Imagine walking along, minding your own business, when suddenly massive objects twice the size of bowling balls come pelting down on you. It's a scary thought, and it's something butterflies face whenever it rains.
You see, butterflies are relatively tiny creatures, weighing a mere 500 milligrams, so when the sky threatens to unleash raindrops that weigh 70 milligrams or more, their lives may depend on finding good cover [source: Raupp].
You're probably thinking that if raindrops can hurt a butterfly, your well-meaning fingers might, too. And you'd be right. But does that mean the ubiquitous legend that a butterfly will die if you simply touch its wings is true? Not necessarily.
While you don't want to manhandle the beautiful creatures, knowledgeable researchers have been trapping and tagging butterflies for years to track their whereabouts. These scientists and volunteers use nets to corral the flying insects, then gently scrape enough scales from a small area to expose the wing's clear membrane. Next they attach a small tag to the wing and let them go. Among other insights, these studies have revealed much about the migration of monarch butterflies.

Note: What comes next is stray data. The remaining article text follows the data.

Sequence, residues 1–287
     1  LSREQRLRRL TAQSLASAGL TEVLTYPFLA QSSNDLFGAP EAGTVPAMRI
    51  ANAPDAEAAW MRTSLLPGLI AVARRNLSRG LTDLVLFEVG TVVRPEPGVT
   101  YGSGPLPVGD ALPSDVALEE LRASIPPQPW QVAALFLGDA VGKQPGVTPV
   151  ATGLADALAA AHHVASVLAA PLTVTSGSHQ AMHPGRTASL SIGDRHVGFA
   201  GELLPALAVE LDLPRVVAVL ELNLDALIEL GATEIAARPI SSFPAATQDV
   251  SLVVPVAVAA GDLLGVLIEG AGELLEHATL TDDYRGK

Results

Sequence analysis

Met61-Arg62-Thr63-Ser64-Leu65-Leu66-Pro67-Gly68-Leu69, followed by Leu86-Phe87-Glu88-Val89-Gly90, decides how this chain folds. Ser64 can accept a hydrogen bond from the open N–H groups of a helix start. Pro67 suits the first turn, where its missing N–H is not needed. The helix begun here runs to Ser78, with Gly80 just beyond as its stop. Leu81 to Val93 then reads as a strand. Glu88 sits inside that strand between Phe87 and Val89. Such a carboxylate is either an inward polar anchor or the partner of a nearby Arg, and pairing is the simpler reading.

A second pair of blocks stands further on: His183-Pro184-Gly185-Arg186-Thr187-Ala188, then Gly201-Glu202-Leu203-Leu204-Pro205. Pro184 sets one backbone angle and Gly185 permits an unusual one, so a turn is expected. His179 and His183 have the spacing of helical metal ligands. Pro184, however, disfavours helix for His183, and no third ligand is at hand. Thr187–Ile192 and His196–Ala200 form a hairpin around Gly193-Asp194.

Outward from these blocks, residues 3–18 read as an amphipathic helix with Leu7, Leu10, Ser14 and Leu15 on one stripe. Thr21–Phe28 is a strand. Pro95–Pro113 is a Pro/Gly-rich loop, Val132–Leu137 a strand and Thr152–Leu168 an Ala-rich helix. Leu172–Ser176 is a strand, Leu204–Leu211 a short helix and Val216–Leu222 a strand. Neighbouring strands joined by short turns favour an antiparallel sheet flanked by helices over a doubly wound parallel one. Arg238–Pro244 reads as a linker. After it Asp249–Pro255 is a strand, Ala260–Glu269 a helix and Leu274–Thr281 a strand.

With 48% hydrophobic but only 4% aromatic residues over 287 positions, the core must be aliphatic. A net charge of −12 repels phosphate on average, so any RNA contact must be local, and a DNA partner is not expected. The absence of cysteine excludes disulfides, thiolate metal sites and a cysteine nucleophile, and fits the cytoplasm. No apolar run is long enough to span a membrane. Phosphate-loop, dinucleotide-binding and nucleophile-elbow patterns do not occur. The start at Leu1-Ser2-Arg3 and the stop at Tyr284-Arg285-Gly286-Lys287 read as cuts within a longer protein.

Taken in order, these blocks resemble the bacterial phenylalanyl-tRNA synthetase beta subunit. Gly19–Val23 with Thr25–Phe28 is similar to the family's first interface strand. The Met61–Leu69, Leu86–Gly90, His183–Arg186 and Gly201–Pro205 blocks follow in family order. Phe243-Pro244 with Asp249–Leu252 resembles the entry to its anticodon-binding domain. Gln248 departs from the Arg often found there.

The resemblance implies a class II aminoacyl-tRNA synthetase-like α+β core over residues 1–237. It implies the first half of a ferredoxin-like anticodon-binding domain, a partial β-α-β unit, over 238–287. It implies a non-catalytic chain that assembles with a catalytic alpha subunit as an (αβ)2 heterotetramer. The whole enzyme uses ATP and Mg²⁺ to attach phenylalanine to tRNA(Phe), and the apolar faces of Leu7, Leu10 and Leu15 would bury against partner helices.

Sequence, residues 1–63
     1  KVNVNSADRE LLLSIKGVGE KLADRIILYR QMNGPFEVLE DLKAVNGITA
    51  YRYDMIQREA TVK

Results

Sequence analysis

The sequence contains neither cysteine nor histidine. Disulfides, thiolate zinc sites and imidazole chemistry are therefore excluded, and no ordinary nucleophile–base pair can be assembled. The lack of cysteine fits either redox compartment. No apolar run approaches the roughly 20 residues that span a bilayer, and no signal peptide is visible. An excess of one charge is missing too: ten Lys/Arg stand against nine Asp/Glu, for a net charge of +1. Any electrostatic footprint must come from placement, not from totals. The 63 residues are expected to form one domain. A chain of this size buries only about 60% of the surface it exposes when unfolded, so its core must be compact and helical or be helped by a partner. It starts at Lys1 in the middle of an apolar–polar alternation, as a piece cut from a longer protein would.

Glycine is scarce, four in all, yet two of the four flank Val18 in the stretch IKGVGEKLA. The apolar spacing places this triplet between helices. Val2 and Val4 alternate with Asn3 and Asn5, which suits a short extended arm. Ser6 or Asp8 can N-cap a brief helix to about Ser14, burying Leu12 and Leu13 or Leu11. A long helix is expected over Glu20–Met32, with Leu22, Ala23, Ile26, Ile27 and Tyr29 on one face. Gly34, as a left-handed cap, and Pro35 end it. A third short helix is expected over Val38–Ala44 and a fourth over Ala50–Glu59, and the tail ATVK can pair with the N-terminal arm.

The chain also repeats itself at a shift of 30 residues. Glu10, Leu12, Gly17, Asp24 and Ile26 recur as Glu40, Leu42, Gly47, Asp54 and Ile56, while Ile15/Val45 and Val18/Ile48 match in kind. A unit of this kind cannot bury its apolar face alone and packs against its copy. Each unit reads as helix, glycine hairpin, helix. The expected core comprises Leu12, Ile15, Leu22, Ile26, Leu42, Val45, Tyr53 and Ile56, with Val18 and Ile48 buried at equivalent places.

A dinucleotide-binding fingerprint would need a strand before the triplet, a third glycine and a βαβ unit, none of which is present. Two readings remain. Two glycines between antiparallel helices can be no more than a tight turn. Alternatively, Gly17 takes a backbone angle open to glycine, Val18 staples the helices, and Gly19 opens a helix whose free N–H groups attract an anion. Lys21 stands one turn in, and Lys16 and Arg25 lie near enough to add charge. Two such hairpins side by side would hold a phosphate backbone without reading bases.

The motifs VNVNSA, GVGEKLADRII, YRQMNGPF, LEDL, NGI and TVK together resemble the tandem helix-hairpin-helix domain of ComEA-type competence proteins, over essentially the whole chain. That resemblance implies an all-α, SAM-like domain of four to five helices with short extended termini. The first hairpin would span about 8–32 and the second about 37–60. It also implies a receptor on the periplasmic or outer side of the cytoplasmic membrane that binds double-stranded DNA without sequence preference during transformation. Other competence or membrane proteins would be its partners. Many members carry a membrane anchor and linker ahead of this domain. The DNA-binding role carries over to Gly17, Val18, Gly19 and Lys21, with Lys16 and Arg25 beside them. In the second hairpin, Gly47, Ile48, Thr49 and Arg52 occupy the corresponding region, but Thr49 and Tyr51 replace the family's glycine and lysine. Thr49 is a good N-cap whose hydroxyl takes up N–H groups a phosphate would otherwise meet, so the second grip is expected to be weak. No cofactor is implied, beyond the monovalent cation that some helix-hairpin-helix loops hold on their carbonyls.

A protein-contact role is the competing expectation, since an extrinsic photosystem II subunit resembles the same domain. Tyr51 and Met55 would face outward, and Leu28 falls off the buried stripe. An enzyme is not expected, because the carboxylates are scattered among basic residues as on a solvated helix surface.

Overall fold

Not only do butterflies survive these seemingly traumatic encounters, but they've also been known to fly away from bird attacks and yes, even rainstorms, unscathed. Some have even flown away after having a small portion of their wing torn off [source: Lerner].
Amazing feats of survival notwithstanding, butterflies should be handled with care, if at all. Next, learn what else butterflies use their fragile wings for.